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Here’s how California’s bold plan to change math instruction could help or hurt students

A teacher helps a student working on a laptop at a desk
Eric Cabacungan helps sixth-grade student Melanie Ortiz during a math class at Stephens Middle School in Long Beach in 2019.
(Gary Coronado/Los Angeles Times)

California is preparing to overhaul the way math is taught to 6 million kindergarten through 12th graders, the first major changes since 2013.

Here are essential elements of the draft Mathematics Framework, which is drawing scrutiny from educators and parents across the state:

What are some key features of the plan?

A major element of the framework emphasizes grouping students with different levels of preparation through the 10th grade. So, instead of putting the most accomplished students together to accelerate their learning, these students would be dispersed among regular classes.

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The academics who wrote the framework say such “heterogenous” groups will function more effectively than such classes in the past. Students, for example, might be learning about the same “big idea,” but they would approach it at their own level. The teacher would challenge the more advanced students with more complex work. This is called differentiated instruction and, to some degree, it happens all the time in class.

Supporters say this structure opens the on-ramp to advanced math at all times to students with unrealized potential. But others worry that well-prepared students will be held back — rather than progressing appropriately at their more advanced level.

The framework also builds on the state’s existing push toward integrated math, which sets aside the traditional sequence of math instruction: computation, algebra, geometry and ultimately advanced algebra, trigonometry and calculus. Instead, concepts from all areas are introduced early on and brought together to solve problems — as might happen in a real-world use of math.

In addition, the framework emphasizes pathways in advanced math that lead to subjects other than calculus. Instead, students could aim for statistics and data science, which most are more likely to use in their careers than calculus.

How would this new approach work in an actual classroom?

The draft framework offers “vignettes” of these practices in action — and members of the state’s Instructional Quality Commission have asked the writing committee to add more for further clarity.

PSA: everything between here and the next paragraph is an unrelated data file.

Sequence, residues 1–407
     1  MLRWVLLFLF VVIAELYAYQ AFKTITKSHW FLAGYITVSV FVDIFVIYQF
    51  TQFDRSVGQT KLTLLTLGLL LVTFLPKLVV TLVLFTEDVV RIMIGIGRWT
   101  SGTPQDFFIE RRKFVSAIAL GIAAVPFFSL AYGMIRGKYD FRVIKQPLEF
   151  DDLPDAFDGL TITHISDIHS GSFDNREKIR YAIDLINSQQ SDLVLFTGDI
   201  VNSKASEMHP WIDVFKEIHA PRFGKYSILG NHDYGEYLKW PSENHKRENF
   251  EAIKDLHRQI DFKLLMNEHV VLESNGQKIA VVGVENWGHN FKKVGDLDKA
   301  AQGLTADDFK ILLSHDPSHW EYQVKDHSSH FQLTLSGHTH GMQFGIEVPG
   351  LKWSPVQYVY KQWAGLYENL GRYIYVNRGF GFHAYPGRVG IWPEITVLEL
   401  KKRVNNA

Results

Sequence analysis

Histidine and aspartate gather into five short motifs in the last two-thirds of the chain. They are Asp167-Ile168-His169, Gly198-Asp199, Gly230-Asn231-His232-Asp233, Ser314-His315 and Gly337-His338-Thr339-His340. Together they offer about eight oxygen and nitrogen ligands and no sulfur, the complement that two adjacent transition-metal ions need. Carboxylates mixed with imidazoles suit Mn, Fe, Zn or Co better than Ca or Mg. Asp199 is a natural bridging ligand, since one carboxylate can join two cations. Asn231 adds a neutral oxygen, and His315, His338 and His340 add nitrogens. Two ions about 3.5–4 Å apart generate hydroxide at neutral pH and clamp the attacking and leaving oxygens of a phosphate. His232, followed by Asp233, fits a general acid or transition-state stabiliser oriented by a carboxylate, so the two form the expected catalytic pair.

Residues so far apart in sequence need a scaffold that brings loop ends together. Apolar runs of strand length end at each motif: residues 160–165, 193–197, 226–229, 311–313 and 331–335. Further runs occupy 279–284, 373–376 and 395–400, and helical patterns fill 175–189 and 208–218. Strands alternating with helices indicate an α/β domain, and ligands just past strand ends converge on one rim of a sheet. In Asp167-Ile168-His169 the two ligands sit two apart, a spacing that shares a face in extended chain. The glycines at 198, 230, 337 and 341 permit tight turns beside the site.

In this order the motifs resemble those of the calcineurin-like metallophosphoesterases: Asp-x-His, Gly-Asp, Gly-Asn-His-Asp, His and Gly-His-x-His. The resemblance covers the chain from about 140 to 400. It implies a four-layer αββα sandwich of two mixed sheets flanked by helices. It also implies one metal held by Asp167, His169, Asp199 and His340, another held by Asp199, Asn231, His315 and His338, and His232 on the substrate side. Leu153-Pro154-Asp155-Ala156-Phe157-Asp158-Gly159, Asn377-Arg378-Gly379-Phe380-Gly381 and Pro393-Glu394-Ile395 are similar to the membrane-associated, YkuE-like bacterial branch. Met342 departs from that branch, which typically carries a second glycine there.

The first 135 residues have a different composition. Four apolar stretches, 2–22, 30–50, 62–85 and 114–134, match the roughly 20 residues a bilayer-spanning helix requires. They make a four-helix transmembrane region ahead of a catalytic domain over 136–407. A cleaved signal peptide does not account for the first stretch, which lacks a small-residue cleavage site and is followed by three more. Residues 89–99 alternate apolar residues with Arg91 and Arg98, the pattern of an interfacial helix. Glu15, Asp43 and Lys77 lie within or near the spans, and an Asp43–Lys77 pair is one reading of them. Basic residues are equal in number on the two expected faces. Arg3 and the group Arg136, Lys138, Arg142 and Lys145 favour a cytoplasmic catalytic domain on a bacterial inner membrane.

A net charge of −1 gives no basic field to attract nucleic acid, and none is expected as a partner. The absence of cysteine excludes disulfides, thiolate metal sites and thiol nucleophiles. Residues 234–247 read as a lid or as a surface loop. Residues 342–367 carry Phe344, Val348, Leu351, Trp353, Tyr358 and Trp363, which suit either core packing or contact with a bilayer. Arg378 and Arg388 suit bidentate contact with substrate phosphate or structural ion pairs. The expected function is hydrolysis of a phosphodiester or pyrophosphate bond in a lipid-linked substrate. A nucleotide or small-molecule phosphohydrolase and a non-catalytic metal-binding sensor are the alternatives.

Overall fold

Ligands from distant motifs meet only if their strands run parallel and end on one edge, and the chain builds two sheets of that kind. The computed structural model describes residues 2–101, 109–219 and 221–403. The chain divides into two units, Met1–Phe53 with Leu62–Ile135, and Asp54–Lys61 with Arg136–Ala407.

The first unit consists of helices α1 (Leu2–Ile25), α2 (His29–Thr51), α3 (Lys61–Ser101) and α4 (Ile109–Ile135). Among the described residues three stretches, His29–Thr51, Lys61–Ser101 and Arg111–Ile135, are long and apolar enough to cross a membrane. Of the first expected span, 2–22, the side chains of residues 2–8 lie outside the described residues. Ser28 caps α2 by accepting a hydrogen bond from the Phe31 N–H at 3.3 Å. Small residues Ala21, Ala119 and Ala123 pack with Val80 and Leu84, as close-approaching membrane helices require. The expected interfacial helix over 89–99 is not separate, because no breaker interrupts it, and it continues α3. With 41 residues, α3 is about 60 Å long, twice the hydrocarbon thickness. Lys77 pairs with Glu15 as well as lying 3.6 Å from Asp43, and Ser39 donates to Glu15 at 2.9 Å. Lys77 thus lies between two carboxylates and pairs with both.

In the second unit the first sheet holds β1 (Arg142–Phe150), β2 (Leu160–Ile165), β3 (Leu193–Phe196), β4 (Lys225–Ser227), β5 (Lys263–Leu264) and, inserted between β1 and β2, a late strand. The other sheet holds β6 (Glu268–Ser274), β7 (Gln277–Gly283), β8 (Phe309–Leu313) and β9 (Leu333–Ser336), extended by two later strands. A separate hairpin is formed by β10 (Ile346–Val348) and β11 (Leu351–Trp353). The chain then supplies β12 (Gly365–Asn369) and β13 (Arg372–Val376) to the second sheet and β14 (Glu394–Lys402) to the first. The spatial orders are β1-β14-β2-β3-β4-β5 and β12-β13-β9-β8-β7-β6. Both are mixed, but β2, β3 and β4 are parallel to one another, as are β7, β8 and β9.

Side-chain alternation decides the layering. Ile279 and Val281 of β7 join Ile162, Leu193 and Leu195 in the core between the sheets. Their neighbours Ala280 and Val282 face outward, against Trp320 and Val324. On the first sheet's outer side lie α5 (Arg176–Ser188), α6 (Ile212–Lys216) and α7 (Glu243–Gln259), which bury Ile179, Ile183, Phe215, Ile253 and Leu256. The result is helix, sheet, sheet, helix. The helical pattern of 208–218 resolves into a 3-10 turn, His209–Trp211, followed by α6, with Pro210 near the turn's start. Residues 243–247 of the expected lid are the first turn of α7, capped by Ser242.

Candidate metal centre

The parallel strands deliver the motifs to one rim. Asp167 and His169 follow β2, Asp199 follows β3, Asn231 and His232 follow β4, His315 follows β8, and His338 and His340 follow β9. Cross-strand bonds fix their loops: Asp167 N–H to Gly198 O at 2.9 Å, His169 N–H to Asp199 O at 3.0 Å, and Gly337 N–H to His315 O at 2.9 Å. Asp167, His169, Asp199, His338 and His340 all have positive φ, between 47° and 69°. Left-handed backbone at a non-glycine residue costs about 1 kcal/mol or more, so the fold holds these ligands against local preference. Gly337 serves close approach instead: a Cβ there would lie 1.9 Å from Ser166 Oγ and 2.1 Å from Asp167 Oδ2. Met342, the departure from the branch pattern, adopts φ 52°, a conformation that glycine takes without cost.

One vignette presents to students the problem of balancing the survival of endangered bowhead whales, decimated by commercial whaling, with the needs of a native population that has relied on hunting whales for food, economic sustenance and cultural traditions.

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Students must develop a plan that would allow hunting while also permitting the whale species to survive and thrive. The variables with mathematical components would include the growth rate and life cycle of the whale and the food yield and economic impact of the hunt.

Critics say California’s proposed math framework waters down content in pursuit of equity. Defenders say social awareness will accelerate learning.

Commissioners suggested that the mathematics could be deepened further by bringing in variables related to climate change, which could affect whale fertility and food sources as well as migration patterns.

While the exercise was designed for high school students, it could be adapted to younger grade levels — or to less mathematically adept students within a class. Students could work for mathematically derived solutions individually or in groups.

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The writers also suggest that individualized learning — such as a student working independently on a computer — could allow for advanced students to move faster than classmates.

Math is fundamentally an objective science. Why have racial issues been brought into an instructional framework?

The traditional math sequence and teaching practices have worked well for some students, but math-related fields continue to be dominated by white males, supplemented by workers who learned math in other countries or who grew up in a family or culture that emphasized math attainment.

In the Los Angeles Unified School District, only 24% of 11th graders scored as proficient in math on state standardized tests in 2019, the most recent test given. The district’s enrollment is 74% Latino and 8% Black; 80% of students qualify for subsidized meals because of family poverty.